R v McInnes

JurisdictionEngland & Wales
Judgment Date29 July 1971
Judgment citation (vLex)[1971] EWCA Crim J0729-6
Docket NumberNo. 135/A/71
CourtCourt of Appeal (Criminal Division)
Date29 July 1971

[1971] EWCA Crim J0729-6



Royal Courts of Justice


Lord Justice Edmund Davies

Mr. Justice Lawton


Mr. Justice Forbes

No. 135/A/71

Walter McInnes

MR. E.S. TEMPLE, Q.C., and MR. J.V. WILLIAMSON appeared on behalf of the Appellant.

MR. W. BINGHAM, Q.C., and MR. K. DEWHURST appeared on behalf of the Crown.


On December 14th, 1970 Walter McInnes, a youth of 18, was convicted at the Manchester Crown Court of the murder of Phillip James Reilly, who was 22. As his application for leave to appeal against conviction raised points of law, leave was automatically granted last month by the full Court.


The incident which led to the murder charge was of a kind only too frequently occurring in these days, namely, a fracas between two perfect strangers which resulted in the violent death of one of them as the result of a knife wound. The Appellant belonged to a group of youths commonly called "greasers", who adopt a particular form of dress which includes leather jackets. Hostility generally exists between them and "skinheads", who are youths differently dressed and having close-cropped heads. The deceased belonged to neither of these groups.


Reilly was killed at about 9.30 on Saturday, the 22nd August of last year at a fair being held at Platt Fields in Manchester, and his death was caused by a knife-wound in the left side of the body. The knife used had penetrated the heart. The wound was about two inches deep and about three feet eleven inches from the victim's left heel.


At about 12.50 in the morning of Sunday, the 23rd August a Detective Sergeant Smith saw the Appellant Mc Innes with another man called Rochford in the street. The Sergeant cautioned Mc Innes and told him that he had reason to believe that he had been responsible for Reilly's death by stabbing the previous evening. Mc Innes replied "I've not done anything and I'm not going anywhere". He had a knife in the top of his trousers and the Sergeant took possession of it. It was a knife with a heavy handle, the blade was about five inches long and it had a pointed end. The total length of the knife was something between nine and ten inches. On being asked why he was carrying it, the Appellant replied "I'm minding it for a mate". He was then arrested.


At the Police Station when questioned by an Inspector he eventually admitted stabbing Reilly with that weapon. He went on to say "All right I did stab him. He jumped me. What could I do when someone passed me the knife". He was then told that a youth named John Rooney was present while he was struggling with the dead man and the Inspector added "He knows you both and he saw you stab him in the chest, after which you all ran away". Then the Appellant said "Well can I tell you what happened" and he then under caution made this statement: "The trouble started first on Friday night (21st August 1970) at the fair in Platt Fields. I was there with John Rooney and some other lads. I don't know their names, just faces. That's how it is with us, no names. A gang of skinheads tried to stir it for us, but there was more of them than us and when they started throwing bricks and bottles we ran. A load of us met up last night in the fair. A kid gave me a knife, that one you've got. We met the skinheads and there was a general palaver. One of them jumped on my back someone gave me a knife and I let him have it. We all scarpered. There's no blood on the knife I cleaned it with grass. It reads as though I got the knife before the trouble started. That's not how it was. The knife was passed to me after I was jumped".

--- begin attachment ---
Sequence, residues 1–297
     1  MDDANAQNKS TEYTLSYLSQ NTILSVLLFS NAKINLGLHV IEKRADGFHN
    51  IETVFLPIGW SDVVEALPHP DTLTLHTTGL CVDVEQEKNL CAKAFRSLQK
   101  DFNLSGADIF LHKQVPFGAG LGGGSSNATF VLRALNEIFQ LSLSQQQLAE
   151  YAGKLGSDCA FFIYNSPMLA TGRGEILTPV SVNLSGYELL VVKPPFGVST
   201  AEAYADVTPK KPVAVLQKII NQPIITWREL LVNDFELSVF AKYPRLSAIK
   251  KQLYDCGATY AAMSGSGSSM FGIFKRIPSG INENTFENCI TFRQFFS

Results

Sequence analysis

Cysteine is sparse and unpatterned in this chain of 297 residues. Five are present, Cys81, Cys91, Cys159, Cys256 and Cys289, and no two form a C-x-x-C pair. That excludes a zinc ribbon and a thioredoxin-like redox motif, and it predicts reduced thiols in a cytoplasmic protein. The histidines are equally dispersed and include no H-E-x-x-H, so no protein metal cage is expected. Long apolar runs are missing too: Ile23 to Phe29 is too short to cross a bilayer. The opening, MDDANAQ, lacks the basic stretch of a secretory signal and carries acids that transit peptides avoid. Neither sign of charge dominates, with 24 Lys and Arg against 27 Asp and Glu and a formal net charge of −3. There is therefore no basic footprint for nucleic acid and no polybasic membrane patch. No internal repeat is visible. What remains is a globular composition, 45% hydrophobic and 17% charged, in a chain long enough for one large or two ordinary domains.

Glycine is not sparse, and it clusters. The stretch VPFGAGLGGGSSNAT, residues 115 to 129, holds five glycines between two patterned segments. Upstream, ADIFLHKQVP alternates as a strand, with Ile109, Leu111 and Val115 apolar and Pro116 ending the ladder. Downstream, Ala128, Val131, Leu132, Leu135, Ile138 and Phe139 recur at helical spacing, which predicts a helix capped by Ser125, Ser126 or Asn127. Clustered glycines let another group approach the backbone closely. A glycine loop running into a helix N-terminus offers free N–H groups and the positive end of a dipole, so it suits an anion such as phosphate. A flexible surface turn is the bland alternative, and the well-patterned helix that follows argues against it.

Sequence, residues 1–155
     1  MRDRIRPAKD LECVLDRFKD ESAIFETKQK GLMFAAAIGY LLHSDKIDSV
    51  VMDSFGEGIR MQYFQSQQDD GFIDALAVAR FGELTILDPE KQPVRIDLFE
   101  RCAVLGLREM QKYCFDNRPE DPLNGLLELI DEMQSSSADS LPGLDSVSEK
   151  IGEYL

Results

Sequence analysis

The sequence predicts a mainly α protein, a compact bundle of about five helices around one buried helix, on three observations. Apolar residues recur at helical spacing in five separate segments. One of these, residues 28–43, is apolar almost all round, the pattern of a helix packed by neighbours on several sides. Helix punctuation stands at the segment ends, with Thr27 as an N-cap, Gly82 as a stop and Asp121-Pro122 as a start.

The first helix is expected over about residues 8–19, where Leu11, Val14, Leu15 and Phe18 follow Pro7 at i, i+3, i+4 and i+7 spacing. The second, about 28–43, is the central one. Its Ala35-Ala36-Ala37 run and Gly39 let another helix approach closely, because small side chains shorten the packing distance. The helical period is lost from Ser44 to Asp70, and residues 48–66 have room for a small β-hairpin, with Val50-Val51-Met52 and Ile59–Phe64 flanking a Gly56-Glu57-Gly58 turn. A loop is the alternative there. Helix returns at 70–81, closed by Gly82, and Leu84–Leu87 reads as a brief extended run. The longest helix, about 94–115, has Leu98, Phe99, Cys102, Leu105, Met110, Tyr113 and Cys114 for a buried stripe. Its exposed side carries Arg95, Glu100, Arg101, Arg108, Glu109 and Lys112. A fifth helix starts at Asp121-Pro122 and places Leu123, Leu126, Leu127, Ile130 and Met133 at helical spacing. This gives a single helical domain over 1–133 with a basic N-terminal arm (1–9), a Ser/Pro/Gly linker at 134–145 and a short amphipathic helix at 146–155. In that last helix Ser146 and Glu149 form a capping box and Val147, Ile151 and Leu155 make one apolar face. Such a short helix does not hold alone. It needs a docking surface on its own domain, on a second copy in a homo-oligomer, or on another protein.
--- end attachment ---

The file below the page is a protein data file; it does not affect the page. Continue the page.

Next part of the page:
In evidence the accused, now the Appellant, admitted this last sentence was untrue because he had the knife before any incident happened at all. In giving his testimony he also said that he was quite unable to explain what his words "I let him have it" meant. He also admitted that at no time before his trial had he said anything which might even hint at the explanation that Reilly had met his death by an accident.


Later the Detective Sergeant Smith showed him a leather jacket and it emerged that he had been wearing it on the night of the tragedy. He said he had borrowed it from another man.


Later charged with the murder of Reilly he replied "It's true". The following morning at the Magistrates' Court he asked Inspector Wright "What happens now". The Inspector said he would apply for a remand in custody and suggested that Mc Innes should ask the Court for legal aid. The Appellant replied "What for", and on being told that he should have a barrister to defend him on the trial of this grave charge, he said "There's no point, I did it".